Arbor Westmark Camber

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With much more ollie power than the rocker version but not meant for pow, the Westmark Camber twin provides a stable ride on hardpack and cold, crusty snow. Testers said it turned a touch slow but could still rail turns once on edge. “Icy patches were hard to hold an edge on,” a six-year veteran tester from Utah said. But a New Yorker said he felt it would be sick on an East Coast powder day. Once snow softened up it surfed slush well, “buttering and popping like corn on movie night,” according to one. Most agreed it could use a little more pop and longitudinal flex for pressing rails but was stable and forgiving on landings. “Good, responsive flex but a little stiff for presses,” one said. “The camber made me feel safe, and the flex was accepting to whatever I wanted to do,” another said. Some thought it was more geared toward all-mountain freestyle than strictly park riding and that it killed everything in its path, from big jump lines to small jibs, ripping side hits and crushing groomers. Overall it fell in the middle of the park flex scale, keeping more aggressive riders stoked and leaving the super-buttery guys wanting something more. The Westmark Camber features Grip Tech technology, Arbor’s four-point version of Magne-Traction. Some thought it could use more contact points to really seal the deal while others suggested ditching the two extra points altogether.

Length (cm) – Sidecut Radius (m) – Waist Width (cm)

150 – 7.5 – 24.8

153 – 7.65 – 24.95

156 – 7.8 – 25.1

157MW – 7.85 – 26

159 – 7.95 – 25.25

 Flex: Medium–Soft

Camber: The Camber System (Camber throughout, progressively decreasing toward each tip to prevent catching or digging too deep.)

(Flex is not standardized and differs by brand. The rating here is the best estimate of the board’s flex.)

(Sidecut Radius: Assuming a board arced the tightest turn possible to make a complete circle, the sidecut radius would be the distance between the direct center of that circle and its rim, in meters. A board with a deeper sidecut would have a smaller radius and would generally make tighter turns. As the radius number increases, a board can be expected to make wider turns. Multiple numbers on the same length board means the radius is blended.)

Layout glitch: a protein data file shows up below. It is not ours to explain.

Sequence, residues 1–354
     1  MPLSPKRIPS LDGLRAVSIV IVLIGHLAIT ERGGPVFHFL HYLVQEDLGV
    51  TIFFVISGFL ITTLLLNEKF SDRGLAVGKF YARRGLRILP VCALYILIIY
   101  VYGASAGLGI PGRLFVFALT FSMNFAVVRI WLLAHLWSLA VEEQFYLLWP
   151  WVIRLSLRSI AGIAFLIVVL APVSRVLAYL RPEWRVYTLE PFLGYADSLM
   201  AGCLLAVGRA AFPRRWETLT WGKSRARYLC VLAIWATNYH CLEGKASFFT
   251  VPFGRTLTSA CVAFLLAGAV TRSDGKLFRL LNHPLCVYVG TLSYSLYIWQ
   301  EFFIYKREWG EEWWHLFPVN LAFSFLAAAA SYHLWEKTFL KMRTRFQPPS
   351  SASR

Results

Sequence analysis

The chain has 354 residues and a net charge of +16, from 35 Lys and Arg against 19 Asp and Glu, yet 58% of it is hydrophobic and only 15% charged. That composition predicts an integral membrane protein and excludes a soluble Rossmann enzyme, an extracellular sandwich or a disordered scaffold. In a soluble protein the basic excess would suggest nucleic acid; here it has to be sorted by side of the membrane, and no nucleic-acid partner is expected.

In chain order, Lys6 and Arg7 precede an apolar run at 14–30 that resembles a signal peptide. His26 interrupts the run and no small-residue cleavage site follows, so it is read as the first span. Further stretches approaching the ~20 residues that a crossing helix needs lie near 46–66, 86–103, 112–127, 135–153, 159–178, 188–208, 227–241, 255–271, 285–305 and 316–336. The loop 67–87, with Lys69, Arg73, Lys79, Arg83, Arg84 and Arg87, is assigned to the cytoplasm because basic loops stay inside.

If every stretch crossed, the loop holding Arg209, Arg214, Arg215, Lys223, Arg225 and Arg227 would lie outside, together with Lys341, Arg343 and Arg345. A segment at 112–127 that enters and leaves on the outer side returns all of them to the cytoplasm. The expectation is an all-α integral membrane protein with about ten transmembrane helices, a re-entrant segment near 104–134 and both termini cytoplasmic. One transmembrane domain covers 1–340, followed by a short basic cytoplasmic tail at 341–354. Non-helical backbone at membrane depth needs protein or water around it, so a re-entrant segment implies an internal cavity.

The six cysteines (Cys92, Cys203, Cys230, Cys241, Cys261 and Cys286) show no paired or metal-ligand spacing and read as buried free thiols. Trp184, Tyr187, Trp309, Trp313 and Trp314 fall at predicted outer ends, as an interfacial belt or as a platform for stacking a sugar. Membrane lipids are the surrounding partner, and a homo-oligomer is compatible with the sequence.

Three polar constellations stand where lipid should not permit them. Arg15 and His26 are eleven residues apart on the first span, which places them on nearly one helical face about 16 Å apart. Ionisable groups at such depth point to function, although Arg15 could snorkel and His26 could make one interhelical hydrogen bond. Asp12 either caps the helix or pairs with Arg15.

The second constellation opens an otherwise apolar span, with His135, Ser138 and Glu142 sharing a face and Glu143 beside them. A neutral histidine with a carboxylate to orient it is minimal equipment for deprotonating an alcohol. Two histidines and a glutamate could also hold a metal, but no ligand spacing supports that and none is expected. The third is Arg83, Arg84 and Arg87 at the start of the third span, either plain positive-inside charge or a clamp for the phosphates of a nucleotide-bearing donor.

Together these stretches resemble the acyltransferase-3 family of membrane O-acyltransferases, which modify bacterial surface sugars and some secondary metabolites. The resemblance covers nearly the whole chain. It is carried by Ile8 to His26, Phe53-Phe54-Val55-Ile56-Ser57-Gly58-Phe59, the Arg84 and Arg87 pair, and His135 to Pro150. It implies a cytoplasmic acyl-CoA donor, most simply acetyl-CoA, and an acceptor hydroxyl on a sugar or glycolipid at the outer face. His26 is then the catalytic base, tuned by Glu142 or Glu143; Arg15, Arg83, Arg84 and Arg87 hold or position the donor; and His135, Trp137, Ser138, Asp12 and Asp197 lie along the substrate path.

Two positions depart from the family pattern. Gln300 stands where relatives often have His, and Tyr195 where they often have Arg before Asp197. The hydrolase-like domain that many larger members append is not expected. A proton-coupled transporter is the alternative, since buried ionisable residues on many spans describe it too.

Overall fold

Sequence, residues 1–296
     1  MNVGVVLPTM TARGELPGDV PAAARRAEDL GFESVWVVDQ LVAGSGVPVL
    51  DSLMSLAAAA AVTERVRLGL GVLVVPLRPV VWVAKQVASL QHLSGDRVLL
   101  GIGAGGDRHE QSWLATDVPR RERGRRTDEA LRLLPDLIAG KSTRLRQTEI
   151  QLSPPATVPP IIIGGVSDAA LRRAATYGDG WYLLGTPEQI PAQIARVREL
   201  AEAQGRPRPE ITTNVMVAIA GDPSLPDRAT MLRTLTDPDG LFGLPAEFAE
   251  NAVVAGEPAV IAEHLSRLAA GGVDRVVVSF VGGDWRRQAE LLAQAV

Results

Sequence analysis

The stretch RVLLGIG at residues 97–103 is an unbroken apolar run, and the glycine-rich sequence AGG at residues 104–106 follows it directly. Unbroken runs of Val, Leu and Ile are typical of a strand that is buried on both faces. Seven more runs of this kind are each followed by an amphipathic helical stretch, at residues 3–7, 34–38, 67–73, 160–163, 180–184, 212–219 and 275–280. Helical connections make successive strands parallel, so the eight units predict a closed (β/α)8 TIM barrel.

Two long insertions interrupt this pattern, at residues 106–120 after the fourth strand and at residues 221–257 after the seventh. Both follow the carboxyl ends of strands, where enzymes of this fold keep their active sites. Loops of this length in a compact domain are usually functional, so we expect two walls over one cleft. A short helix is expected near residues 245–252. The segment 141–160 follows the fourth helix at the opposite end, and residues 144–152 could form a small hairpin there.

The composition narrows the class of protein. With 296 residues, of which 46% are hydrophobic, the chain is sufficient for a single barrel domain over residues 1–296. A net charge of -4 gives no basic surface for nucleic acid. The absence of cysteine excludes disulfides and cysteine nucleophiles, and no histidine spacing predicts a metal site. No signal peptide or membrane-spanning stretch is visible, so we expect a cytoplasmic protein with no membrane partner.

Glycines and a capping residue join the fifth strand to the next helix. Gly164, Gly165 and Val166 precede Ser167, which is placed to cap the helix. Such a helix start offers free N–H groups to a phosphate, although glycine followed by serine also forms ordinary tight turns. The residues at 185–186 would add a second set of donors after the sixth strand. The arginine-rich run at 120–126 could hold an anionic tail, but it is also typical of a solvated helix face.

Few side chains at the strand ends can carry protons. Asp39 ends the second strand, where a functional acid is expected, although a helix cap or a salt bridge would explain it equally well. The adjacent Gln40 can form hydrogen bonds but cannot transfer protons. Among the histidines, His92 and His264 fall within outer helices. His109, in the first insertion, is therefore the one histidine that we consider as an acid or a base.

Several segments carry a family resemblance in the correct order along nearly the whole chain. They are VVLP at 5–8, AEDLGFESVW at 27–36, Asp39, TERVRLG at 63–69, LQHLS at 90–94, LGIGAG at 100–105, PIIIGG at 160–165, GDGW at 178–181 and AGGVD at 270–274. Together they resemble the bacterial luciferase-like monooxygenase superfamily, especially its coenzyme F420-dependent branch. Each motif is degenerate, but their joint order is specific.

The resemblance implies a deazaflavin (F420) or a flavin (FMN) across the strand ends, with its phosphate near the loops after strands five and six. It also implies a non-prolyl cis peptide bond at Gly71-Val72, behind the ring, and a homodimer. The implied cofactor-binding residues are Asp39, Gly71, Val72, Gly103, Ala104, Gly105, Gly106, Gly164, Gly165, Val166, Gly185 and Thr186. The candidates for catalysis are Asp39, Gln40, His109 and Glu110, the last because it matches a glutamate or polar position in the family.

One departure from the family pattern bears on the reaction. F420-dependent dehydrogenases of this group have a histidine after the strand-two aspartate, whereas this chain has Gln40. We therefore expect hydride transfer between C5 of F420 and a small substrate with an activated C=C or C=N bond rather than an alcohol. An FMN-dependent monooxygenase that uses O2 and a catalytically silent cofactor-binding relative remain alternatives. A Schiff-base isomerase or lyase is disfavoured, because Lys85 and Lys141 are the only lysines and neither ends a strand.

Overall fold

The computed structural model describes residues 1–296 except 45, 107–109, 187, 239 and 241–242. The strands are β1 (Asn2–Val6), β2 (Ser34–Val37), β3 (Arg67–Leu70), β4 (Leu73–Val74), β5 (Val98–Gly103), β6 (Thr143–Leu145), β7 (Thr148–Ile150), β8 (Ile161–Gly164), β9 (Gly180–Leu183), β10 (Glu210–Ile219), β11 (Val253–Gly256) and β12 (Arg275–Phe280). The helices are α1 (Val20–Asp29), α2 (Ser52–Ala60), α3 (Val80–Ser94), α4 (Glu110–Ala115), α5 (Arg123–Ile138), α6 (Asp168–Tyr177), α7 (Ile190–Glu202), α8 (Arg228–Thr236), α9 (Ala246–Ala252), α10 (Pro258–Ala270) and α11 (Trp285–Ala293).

Price: $450.00
Brand Name

Arbor

Product Type
Style

Park

Gender

Mens

Length

150, 153, 156, 157 MW, 159

Camber

The Camber System (Camber throughout, progressively decreasing toward each tip to prevent catching or digging too deep.)(Flex is not standardized and differs by brand. The rating here is the best est

Flex

Medium-Soft

Sidecut

Length (cm) – Sidecut Radius (m) – Waist Width (cm) 148 – 7.45 – 24.95 151 – 7.6 – 24.95 154 – 7.7 – 25.15 156W – 7.8 – 26.4 157 – 7.85 – 25.45

Manufacturers URL

http://www.arborcollective.com/snowboards

Rad-Bad

Tester Quote: “Surprisingly aggressive for what I thought might be a pure jib board.”

Product Showroom

No

Tested-Approved

No

Good Wood

Yes

Bang For Your Buck

No

Featured-product

NO

Guide Year

2017

Gallery ID

1000303685

Tester Quote: "Surprisingly aggressive for what I thought might be a pure jib board."

Good Wood 2017 Presented by evo.com

With hundreds of snowboards out there, how do you pick the best deck perfectly suited to the way you ride? Drop into our 2016-2017 Good Wood Board Test for the winning snowboards of the season. Our 30 unique testers spent eight days riding and rating more than 300 boards at Carinthia Parks of Mount Snow, Vermont, and the pistes and glades of Aspen Mountain, Colorado, and came to the consensus that these are the best boards. Each tester rides differently, so there's something to be said when a board stokes all who tried it. We've done away with the old price groupings and instead highlighted the two top-scoring boards in each category with the lowest prices and awarded them “Bang for your Buck” badges of approval. Now in its 18th year, our TransWorld SNOWboarding Good Wood test is the longest running and most prestigious board test on the planet.

How The Boards Are Scored

Shortly after shredding laps on each board, our testers input scores for different characteristics that measure each deck on a sliding scale. The Park and All-Mountain scorecards each have different criteria to pinpoint the strengths and weakness of each snowboard. We don't cut the boards open and examine the details, but the crew may have broken a deck or two… Go on, dive into the results and see all the winners.